Lois Hutchison, left, wife of the outgoing primate, Archbishop Andrew Hutchison, gives Lynne Samways Hiltz a hug after it was announced that her husband, Bishop Fred Hiltz, was elected as the new primate of the Anglican Church of Canada.
Three years ago, Lynne Samways Hiltz vehemently declared, in a casual conversation, that she would never move to Toronto. Her husband, Bishop Fred Hiltz, now primate-elect, at the time had withdrawn his name from consideration in that primatial election, saying he felt he was not ready. Clearly, that was just fine with his wife.
A lot has happened since 2004. Now, she said, “I am very content with Fred letting his name stand. I support him and we are ready.” Ms. Samways Hiltz, 53, known for her bubbly, expressive personality, said there had been both sad and happy changes in her life in the last few years that influenced her. “I was very close to my sister in Halifax. She passed away last December, but her two daughters are coming to attend school in Toronto,” she said.
Another draw for the Hiltzes is that their son, Nathan, 26, is a jazz guitarist and music teacher in Toronto. “He started with piano and played sax in the school band and when he discovered jazz, that was it,” she said.
Wiping away tears and accepting the congratulations of a stream of people in the aisles of Winnipeg’s Holy Trinity Church after her husband’s election was announced, Ms. Samways Hiltz said she hopes the church continues to show him the love and support demonstrated by his election. “Fred is very humble. He would never feel he would be worthy (of such a position). He has an awesome sense of responsibility,” she said, adding, “I don’t want the job to kill him.”
Ms. Samways Hiltz said it may not be too much of an adjustment to cope with the travel demands the position will put on her husband. He currently travels a great deal as diocesan bishop of Nova Scotia and Prince Edward Island, she said. “On the fifth day (he is away), I get angry, but if he’s in Canada, I’m not worried,” she said. “Internationally, I get nervous.”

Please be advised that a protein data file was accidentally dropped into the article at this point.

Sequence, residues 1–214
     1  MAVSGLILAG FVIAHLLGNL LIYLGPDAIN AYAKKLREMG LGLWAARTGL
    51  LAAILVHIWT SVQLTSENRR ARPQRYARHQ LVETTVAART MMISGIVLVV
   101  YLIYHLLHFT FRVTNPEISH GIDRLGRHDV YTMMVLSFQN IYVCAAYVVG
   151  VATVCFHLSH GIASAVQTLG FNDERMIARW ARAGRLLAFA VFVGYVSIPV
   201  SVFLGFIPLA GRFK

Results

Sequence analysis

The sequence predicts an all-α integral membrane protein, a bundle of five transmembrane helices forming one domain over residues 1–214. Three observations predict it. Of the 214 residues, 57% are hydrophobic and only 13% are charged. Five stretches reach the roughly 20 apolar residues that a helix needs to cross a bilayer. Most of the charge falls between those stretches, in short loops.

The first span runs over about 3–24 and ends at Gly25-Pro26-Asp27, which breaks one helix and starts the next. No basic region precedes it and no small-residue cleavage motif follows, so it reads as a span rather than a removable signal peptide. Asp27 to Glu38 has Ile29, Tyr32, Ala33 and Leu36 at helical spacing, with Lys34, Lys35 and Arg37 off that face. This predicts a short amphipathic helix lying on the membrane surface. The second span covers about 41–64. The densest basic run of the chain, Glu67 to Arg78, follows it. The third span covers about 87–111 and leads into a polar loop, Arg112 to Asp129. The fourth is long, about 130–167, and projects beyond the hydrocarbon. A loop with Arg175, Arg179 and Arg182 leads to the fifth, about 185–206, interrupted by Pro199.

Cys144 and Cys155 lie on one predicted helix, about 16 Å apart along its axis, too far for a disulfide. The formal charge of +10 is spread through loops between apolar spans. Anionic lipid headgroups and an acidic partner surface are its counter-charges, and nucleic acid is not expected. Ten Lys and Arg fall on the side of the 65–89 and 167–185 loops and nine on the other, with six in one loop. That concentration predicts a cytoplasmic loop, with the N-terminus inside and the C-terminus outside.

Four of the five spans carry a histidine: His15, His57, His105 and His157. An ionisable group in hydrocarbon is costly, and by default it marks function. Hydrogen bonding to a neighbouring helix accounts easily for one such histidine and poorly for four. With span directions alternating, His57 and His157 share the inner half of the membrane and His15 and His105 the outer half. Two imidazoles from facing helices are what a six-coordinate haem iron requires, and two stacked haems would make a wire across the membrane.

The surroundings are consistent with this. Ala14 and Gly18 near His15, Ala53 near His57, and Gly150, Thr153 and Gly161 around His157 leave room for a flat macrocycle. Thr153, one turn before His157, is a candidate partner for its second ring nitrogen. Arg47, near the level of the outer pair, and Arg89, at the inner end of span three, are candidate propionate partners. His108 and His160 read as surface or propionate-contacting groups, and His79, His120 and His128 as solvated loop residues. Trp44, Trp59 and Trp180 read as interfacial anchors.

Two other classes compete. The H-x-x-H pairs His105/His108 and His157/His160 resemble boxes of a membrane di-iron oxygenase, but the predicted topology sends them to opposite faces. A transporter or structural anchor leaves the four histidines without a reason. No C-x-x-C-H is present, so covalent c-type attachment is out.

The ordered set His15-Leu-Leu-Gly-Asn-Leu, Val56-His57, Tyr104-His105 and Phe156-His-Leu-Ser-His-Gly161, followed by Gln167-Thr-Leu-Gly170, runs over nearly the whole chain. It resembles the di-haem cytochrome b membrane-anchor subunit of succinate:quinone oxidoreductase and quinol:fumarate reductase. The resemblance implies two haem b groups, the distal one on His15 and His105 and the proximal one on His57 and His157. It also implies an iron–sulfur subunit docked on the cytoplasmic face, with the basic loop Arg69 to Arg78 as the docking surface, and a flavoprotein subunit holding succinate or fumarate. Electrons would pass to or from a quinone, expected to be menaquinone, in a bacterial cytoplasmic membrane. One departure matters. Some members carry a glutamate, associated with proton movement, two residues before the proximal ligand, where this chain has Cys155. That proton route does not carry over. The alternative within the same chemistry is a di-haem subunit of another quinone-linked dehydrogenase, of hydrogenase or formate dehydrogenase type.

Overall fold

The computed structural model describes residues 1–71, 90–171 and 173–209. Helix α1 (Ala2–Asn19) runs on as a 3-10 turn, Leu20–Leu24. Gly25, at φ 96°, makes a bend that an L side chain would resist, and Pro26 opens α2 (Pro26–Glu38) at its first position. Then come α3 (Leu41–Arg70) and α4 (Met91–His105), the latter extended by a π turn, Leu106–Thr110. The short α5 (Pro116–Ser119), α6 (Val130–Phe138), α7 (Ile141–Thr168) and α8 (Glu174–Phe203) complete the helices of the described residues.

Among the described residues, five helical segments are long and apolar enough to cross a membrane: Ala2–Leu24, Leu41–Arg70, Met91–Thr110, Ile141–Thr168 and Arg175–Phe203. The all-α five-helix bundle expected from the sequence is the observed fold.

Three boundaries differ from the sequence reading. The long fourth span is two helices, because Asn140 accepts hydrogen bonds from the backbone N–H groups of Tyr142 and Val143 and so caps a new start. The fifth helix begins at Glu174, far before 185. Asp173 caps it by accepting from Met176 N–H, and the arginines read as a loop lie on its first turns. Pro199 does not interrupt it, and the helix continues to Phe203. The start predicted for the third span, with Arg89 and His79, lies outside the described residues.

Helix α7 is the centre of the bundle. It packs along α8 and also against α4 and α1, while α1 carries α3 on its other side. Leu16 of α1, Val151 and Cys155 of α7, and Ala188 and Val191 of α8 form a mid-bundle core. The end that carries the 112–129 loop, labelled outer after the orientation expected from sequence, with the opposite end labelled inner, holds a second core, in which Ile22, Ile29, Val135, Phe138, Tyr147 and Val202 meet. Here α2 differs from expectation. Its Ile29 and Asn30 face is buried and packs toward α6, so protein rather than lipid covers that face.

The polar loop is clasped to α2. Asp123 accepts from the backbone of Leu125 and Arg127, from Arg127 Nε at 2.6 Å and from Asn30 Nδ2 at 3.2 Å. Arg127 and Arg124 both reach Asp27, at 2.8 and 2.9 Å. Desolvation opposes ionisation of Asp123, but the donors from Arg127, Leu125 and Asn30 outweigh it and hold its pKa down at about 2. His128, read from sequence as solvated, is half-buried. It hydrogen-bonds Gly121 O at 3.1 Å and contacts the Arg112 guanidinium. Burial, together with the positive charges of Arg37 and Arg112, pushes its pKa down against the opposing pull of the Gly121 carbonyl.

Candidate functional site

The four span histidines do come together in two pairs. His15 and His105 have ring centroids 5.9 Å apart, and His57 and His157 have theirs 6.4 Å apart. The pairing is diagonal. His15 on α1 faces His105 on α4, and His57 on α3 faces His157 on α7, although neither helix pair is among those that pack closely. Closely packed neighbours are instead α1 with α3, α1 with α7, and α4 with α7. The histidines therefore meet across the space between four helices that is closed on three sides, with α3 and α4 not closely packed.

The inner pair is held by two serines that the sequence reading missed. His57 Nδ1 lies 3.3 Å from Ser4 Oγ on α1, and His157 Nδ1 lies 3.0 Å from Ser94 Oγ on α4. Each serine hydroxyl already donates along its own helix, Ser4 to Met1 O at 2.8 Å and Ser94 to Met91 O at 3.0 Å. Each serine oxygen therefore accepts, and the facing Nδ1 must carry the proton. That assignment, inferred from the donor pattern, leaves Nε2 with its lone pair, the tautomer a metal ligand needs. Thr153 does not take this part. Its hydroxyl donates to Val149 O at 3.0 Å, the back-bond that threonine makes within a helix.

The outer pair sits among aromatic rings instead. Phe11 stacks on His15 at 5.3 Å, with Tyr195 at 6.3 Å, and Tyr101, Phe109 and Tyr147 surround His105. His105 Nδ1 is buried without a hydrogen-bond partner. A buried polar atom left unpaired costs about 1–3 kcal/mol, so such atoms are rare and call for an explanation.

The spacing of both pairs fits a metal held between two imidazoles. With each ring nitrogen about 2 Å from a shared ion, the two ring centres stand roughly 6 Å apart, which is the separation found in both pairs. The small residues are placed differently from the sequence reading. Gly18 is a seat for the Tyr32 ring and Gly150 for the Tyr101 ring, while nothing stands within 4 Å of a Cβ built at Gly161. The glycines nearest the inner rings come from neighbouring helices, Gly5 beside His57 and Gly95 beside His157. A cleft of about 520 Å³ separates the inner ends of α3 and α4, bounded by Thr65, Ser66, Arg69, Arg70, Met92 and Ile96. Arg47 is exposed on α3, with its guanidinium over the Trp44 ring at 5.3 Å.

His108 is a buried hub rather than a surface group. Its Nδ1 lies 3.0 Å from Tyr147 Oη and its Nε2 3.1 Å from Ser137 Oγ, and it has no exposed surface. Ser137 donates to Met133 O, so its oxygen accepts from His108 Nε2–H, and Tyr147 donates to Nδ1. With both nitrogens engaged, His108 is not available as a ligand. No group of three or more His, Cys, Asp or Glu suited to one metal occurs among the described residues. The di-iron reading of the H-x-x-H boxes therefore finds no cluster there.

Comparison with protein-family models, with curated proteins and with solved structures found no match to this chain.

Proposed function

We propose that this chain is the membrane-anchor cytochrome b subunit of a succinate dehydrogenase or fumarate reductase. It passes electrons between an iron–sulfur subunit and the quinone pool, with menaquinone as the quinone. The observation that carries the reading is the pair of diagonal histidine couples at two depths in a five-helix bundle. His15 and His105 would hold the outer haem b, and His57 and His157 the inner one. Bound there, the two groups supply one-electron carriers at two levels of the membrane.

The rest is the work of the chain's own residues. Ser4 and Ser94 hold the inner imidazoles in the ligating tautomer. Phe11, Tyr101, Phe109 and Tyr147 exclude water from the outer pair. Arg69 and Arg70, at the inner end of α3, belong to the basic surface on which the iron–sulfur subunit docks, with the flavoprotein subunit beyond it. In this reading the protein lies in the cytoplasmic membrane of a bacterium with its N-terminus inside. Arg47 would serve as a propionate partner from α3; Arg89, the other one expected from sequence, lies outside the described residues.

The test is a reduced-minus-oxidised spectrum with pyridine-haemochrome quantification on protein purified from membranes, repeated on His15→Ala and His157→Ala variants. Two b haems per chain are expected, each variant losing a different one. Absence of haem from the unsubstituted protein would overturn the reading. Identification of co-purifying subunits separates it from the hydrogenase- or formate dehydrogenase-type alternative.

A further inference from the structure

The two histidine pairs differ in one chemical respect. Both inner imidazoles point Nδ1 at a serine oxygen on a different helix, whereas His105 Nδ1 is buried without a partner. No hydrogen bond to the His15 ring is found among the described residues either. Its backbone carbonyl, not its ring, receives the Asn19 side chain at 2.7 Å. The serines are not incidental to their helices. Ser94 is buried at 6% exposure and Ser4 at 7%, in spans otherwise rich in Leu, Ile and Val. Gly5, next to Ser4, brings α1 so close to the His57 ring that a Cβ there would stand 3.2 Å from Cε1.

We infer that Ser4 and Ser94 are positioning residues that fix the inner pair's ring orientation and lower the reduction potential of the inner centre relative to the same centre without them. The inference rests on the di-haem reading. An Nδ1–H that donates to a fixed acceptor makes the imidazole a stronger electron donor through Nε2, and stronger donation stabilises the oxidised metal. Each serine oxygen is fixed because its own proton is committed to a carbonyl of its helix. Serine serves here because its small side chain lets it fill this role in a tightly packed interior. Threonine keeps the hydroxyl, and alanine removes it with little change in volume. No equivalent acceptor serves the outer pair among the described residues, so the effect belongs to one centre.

The Hiltzes have been married 30 years. During his acceptance speech, Bishop Hiltz asked the assembly to pray for him and “for my beautiful bride, Lynne.” Ms. Samways Hiltz’s married life has been home-centred, but she has worked as a librarian, insurance broker and child care worker; she currently freelances as a scrapbooking consultant. During the tense hours of the primatial election, she was knitting and drawing. The knitting needles were out again as she waited outside the church where her husband was installed on the last night of Synod.
Known for her sense of humor and blithe spirit, Ms. Samways Hiltz led a presentation three years ago in Regina, during the house of bishops’ meeting that included spouses, on how bishops’ workload affects their spouses; the session had the group in stitches.
Their two Labrador retrievers and cat will make the move to Toronto, she said. “I have no idea where we are going to live – whatever is affordable. I would like Fred to be able to walk to work. I love to walk,” she said, adding that she is looking forward to exploring Toronto art galleries and neighborhoods such as Kensington Market.